I have advocated that the concept and potential value of business process simulation is easy to understand. Yet, if simulation makes so much sense intellectually, why aren’t business managers using simulation all the time? I’ve outlined the deficiencies of simulation, and the Sim4BPM effort is meant to help address these. In the current state of business process simulation, what managers ideally want is to do something as simple as click a button and automatically simulate their business processes. What they actually get is a rather non trivial exercise, requiring specific skills sets, to create and maintain meaningful simulation models.
If you step back, what one realizes is that managers don’t actually want a simpler way to simulate their process. Nor, I suspect, do they want a simpler was to automate their processes. What the really want, quite simply, is answers. How do I process this item at the least cost? How much staff do I need to manage the workload and meet my deadlines? What is the best way to order or schedule the work? Could I operate with less equipment, and if so, how much less? Etc.
Simulation, even if it was dead simple, is only a means to an end. So is BPM in general. Managers don’t actually want either of these. They want the easiest way to get answers to the specific problems and challenges of running their business. Failing that, they want the analytics capability to find those answers. Failing that, they’ll implement the tools to generate the data to get the analytics to get at the answers…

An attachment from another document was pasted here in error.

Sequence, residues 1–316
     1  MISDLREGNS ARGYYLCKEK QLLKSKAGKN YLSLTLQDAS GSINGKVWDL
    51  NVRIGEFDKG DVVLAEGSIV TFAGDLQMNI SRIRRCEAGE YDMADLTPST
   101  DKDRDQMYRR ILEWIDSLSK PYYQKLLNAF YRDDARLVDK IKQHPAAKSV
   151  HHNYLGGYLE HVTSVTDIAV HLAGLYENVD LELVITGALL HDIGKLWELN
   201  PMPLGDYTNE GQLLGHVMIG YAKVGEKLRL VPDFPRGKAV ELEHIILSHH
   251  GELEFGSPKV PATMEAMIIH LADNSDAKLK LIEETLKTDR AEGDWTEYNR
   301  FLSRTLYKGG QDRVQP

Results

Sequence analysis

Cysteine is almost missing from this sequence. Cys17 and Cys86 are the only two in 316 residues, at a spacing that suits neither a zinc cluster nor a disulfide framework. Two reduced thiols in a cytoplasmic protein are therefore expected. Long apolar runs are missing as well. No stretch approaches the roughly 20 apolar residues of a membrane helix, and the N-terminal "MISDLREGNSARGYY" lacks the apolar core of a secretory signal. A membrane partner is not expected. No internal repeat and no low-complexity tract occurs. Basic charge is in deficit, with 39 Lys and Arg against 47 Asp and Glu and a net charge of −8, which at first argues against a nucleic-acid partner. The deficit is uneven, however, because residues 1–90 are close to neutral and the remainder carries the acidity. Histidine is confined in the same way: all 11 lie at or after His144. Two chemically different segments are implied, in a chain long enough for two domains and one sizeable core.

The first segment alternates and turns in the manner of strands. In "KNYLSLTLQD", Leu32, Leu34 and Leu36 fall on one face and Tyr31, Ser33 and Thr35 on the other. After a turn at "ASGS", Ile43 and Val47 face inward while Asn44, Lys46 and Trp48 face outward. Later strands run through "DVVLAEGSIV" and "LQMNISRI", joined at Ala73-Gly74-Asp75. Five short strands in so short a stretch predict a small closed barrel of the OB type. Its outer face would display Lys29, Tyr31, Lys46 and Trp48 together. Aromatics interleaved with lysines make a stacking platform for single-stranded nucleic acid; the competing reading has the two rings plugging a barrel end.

Simulation is but one tool, albeit a useful and powerful one, that generates the kind of data required to perform the analytics required to provide the answers business managers need. It’s kind of low on the food chain. It doesn’t mean it’s not important or useful, because it is both. It’s just that managers don’t want simulation, they want answers. They might need to use simulation (or job scheduling software, or statistical forecasts, or…), but they are a means to an end. Something to keep in mind.
Tools and technologies that provide business process answers and not just analytics can often be characterized by optimization methods that identify a best (optimal) configuration. Simulation, in and of itself, is not an optimization tool. Instead it measures how changes in a business process’ parameters affect the behavior of the process over time. However, simulation technology can be used as an input to optimization methods. For example, Meta Software aims to answer the question what is the optimal set of staff schedules given the business process and staffing constraints? This is accomplished by using simulation technology to model and predict workloads that are input into workforce management technology that optimizes scheduling against those workloads. Robert Shapiro and Hartmann Genrich have developed technology that can optimize process structure. Simulation as an enabler of their solution. In both cases, simulation is very important and useful, but it’s not really about the simulation.
For the purposes of full disclosure, you should know that I currently work for Meta Software. If you or your company is also using simulation as an input to optimization technology to provide answers as opposed to analytics, let me know and I’ll make sure it gets mentioned.
Photo Credit: Caro’s Lines.